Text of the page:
(Reuters) - The United States surpassed the grim milestone of 200,000 COVID-19 deaths on Tuesday, while a report said the health regulator is likely to announce higher standards for an emergency authorization of a coronavirus vaccine, lowering the chances that one might be cleared before the Nov. 3 election.
DEATHS AND INFECTIONS
* For an interactive graphic tracking the global spread, open https://tmsnrt.rs/3aIRuz7 in an external browser.
* For a U.S.-focused tracker with a state-by-state and county map, open https://tmsnrt.rs/2w7hX9T in an external browser.
* Britain's prime minister told people to work from home where possible and ordered bars and restaurants to close early to tackle a fast-spreading second wave with restrictions lasting probably six months.
* Spain's cumulative tally of coronavirus infections rose by nearly 10,800 from Monday to reach 682,267, as Catalonia said it would further limit public gatherings.
* The southern German state of Bavaria ordered new measures to fight a resurgence.
* France registered more than 10,000 new confirmed coronavirus infections over 24-hours, for the sixth time in 12 days.
* Sweden, which so far has decided against lockdowns, is seeing early signs that cases are rising again and could impose new measures in Stockholm.
* India reported its lowest daily cases tally in almost a month as it prepares for clinical trials of a potential Russian vaccine in the coming weeks.
* Australia's coronavirus hotspot of Victoria on Tuesday reported a more than doubling in new infections likely as a result of increased testing, while other states said border restrictions would be relaxed as case numbers dwindled.
* Guatemalan President Alejandro Giammattei, who last week confirmed he tested positive for the coronavirus, said that he is a "high-risk" patient.
* COVID-19 infections have surged in Canada and if people do not take stringent precautions, they could balloon to exceed levels seen during the first wave of the pandemic, health officials warned.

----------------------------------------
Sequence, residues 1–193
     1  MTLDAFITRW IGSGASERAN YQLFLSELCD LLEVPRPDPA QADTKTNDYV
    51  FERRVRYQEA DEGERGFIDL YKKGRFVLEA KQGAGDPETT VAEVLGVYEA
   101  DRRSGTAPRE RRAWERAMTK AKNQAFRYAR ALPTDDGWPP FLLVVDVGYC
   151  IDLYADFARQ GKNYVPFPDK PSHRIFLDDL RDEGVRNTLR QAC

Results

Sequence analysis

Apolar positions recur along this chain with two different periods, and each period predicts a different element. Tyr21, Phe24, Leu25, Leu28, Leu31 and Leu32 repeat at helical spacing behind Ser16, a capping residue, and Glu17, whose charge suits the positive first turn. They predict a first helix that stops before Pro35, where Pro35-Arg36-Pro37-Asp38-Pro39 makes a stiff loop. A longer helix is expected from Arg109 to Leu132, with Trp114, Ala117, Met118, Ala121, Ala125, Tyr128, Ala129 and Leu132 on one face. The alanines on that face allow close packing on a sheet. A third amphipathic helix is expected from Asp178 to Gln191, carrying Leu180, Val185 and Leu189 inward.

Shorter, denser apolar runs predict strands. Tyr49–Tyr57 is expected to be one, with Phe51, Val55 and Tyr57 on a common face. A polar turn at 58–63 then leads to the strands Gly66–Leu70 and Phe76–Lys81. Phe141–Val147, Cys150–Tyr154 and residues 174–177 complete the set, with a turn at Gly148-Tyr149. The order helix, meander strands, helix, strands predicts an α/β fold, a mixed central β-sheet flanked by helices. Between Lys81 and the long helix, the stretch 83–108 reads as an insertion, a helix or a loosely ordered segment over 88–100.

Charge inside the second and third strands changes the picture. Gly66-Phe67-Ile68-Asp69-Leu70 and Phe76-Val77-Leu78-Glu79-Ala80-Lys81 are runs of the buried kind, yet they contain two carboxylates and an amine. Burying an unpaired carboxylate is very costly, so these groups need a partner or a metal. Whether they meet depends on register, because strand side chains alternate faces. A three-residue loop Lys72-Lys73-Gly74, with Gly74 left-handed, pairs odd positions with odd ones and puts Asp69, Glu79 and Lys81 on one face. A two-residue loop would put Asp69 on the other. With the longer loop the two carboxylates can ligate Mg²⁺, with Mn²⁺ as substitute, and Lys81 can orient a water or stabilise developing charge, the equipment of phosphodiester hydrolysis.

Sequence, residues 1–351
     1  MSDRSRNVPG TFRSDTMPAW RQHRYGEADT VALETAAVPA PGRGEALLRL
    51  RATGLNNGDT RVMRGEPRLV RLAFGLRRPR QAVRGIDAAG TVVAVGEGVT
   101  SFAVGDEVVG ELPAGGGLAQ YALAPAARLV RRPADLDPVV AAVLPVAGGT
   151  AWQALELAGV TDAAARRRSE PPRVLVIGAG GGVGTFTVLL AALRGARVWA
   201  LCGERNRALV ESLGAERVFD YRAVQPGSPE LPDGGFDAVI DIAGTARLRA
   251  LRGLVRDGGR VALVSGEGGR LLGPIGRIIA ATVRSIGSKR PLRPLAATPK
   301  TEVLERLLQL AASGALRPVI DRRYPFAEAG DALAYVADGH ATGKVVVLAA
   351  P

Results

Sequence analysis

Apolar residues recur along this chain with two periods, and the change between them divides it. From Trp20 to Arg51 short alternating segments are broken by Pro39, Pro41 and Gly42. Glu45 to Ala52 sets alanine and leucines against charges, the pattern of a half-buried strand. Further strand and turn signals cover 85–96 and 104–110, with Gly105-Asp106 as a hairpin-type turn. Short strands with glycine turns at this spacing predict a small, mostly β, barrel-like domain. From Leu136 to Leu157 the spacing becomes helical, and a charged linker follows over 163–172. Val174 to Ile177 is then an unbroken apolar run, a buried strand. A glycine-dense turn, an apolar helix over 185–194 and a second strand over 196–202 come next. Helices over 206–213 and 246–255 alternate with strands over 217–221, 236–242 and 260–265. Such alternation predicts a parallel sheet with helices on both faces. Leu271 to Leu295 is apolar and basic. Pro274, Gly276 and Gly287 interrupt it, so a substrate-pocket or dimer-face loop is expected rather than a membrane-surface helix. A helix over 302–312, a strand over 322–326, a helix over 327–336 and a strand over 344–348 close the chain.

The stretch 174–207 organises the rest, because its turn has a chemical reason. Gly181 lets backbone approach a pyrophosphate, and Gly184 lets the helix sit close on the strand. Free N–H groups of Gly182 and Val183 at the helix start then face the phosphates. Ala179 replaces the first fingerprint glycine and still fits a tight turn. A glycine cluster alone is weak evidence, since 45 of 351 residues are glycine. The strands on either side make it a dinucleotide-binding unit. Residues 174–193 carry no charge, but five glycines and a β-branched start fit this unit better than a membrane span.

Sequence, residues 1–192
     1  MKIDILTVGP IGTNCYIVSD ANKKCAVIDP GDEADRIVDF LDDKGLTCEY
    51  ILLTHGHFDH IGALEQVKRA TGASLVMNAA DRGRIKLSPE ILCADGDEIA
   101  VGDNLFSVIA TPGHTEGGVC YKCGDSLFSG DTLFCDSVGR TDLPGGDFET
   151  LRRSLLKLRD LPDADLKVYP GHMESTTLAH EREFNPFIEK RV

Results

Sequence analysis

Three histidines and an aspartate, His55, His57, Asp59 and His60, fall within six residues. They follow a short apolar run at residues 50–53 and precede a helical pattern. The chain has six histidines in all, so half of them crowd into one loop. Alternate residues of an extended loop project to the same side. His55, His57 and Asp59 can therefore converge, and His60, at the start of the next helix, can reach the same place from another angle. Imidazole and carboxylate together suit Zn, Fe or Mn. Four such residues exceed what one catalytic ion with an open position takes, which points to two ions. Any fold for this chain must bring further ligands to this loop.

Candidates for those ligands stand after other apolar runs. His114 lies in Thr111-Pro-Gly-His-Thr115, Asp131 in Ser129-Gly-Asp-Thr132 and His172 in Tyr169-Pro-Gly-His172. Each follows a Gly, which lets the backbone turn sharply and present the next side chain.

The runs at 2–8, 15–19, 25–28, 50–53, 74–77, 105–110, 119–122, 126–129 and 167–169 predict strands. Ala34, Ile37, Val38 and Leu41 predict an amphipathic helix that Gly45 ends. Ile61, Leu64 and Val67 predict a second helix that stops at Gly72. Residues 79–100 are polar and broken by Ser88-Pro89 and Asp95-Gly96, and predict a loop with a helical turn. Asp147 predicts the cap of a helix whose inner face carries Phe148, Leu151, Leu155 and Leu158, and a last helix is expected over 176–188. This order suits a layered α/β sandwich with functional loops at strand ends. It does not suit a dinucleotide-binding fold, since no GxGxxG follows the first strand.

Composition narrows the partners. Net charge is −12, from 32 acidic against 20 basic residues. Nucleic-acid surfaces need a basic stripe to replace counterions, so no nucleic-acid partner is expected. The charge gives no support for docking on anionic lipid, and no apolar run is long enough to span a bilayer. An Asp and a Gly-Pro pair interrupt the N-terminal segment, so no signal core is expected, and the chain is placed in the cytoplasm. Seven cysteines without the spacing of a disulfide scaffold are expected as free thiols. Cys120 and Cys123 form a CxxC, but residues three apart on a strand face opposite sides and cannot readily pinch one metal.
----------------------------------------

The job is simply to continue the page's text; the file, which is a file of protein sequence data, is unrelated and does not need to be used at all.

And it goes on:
* Brazil's President Bolsonaro defended his handling of the world's second most deadly outbreak after the United States, lamenting the deaths that have passed 137,200.
MIDDLE EAST AND AFRICA
* The number of recorded cases in the six Gulf Arab states has doubled in three months to over 800,000, according to a Reuters tally.
* Israel has approved an extra $3 billion aid package to help businesses and self-employed workers cope during a new nationwide lockdown, while new cases reached daily highs of more than 5,000.
* The U.S. Food and Drug Administration is expected to soon announce new, higher standards for an emergency authorization of a coronavirus vaccine, lowering the chances that a vaccine might be cleared before the Nov. 3 election, the Washington Post reported.
* Vaccine makers will be indemnified in Europe if their COVID-19 shots cause unexpected side-effects, an industry official said.
* Russia is so confident in its vaccine that it will shoulder some of the legal liability should anything go wrong, rather than requiring buyers to take on the full risk, the head of the state fund bankrolling the project said.
* The U.S. dollar continued to rise and stocks were mixed as new economic curbs to control the spread of COVID-19 raised the fear of a second wave of lockdowns that could reverse the nascent economic rebound. [MKTS/GLOB]
* South Korea approved a supplementary budget of $6.72 billion to aid households and small businesses facing mass closures amid tight restrictions.
* Uganda's public debt surged 20.5% in the 12 months to June as the east African country soaked up new credit to help deal with the economic impact of COVID-19.
(Compiled by Sarah Morland and Amy Caren Daniel; Editing by Sriraj Kalluvila)